People like to believe the slide to rock bottom starts with cigarettes or drugs or alcohol or one of any hundred so-called vices.
Mine started with a dress a size too small, a limp corsage, and tepid fruit punch served in a paper cup already wilting from the heat of too many bodies packed in the American Legion Meeting Hall.
That was the moment when I realized the entire town of Cotton Creek, Georgia believed I was good for one thing and one thing only.
I’d ducked behind one of a dozen oversized balloon towers, pressing the lukewarm paper cup to my sweaty forehead. It didn’t actually cool me off—the ice had melted long ago, watering down the already tasteless off-brand punch—but it helped to pretend it did. My dress, a hand-me-down from my older sister and better suited to her slim form than my decidedly curvaceous one, clung like a second skin, drawing attention to my so-called assets in a way which had made old Mrs. Wilson turn up her nose and sniff at me and which also, unfortunately, made me sweat like a pig. The pile of curls, secured by a hundred bobby pins, half a can of hairspray, and prayer, was already in danger of falling down even though I’d only been at the dance for an hour. My corsage was worse for the wear, too, the flowers already drooping. I wouldn’t be surprised if I lost more than a few petals by the end of the night.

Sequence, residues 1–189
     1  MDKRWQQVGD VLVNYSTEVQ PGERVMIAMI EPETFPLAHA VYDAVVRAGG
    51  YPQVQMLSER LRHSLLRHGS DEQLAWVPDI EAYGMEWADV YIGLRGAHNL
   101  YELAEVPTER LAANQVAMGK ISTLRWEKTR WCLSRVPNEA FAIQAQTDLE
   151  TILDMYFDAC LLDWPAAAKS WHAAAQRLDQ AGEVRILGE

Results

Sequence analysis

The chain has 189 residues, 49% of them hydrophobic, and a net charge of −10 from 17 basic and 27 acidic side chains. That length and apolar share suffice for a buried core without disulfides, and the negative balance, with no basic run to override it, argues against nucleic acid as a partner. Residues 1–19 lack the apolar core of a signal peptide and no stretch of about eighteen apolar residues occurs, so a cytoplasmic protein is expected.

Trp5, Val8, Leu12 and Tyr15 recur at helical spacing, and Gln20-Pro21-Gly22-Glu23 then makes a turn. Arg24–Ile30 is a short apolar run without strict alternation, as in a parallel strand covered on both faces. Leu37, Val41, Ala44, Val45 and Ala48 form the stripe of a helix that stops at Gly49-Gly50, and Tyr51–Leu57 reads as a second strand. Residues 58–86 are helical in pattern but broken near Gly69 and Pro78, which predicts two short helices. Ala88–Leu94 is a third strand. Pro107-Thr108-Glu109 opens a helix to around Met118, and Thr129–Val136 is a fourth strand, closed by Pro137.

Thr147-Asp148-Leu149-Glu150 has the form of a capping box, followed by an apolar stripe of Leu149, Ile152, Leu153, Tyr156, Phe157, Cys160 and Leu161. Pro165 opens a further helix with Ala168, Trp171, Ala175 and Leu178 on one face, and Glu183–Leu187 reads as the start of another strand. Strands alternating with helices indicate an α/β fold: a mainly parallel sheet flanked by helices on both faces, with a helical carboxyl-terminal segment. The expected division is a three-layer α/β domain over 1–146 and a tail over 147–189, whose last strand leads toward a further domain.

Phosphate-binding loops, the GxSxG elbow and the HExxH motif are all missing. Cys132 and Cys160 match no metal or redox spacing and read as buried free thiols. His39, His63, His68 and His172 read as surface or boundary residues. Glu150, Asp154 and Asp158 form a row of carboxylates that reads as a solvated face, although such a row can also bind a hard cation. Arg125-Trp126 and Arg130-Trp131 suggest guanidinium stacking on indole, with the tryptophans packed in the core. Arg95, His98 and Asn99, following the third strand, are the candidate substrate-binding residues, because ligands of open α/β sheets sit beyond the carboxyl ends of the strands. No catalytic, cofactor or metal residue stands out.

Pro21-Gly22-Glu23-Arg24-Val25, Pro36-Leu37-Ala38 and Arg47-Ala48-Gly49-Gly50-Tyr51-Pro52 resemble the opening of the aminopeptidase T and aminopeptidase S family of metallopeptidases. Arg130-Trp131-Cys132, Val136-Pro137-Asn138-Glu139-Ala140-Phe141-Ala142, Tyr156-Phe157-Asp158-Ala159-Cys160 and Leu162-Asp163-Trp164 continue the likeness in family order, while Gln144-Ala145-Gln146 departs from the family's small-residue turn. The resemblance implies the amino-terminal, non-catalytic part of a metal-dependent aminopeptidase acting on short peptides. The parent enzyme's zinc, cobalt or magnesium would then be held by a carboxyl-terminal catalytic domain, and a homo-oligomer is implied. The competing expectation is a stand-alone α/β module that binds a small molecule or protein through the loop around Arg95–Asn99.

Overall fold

But it was all worth it because I was here with him.
Abraham Hansom. The Abraham Hansom.
Everybody in town, even his parents Mary and Marcus, called him Handsome Hansom and he was but he was so much more than that. He was smart and funny and he was nice—nice for real and not the fake kind the so-called Christians who occupied the front row of the First Baptist Church specialized in. He was the best thing in the entire town of Cotton Creek and everybody knew it.
And he’d invited me to prom.
Me, the girl who was literally from the wrong side of the tracks, whose daddy had run off with the next door neighbor’s daughter and whose mama had drank herself to death. The girl whose sister had been knocked up twice by the age of sixteen and was on her third kid and second marriage before twenty-one. If Abraham Hansom was everything right in Cotton Creek, I was everything wrong.
But again, it didn’t matter. Because he’d seen past all that, past the hand-me down clothes and shoes and the hair done in the kitchen of Lizbeth Richard’s doublewide. He actually saw me.
I leaned back against the wall and closed my eyes, glad nobody could see the dopey smile on my face. I lifted my cup to take another sip only to freeze when I heard Lynn Smith’s distinctive laugh.
“Oh, my God. Did you see her dress?” She laughed again and I caught a glimpse of her through the balloons as she flipped her waist-length blonde hair over her shoulder and turned to one of her ever-present groupies. “She should just stick a price tag on her chest.”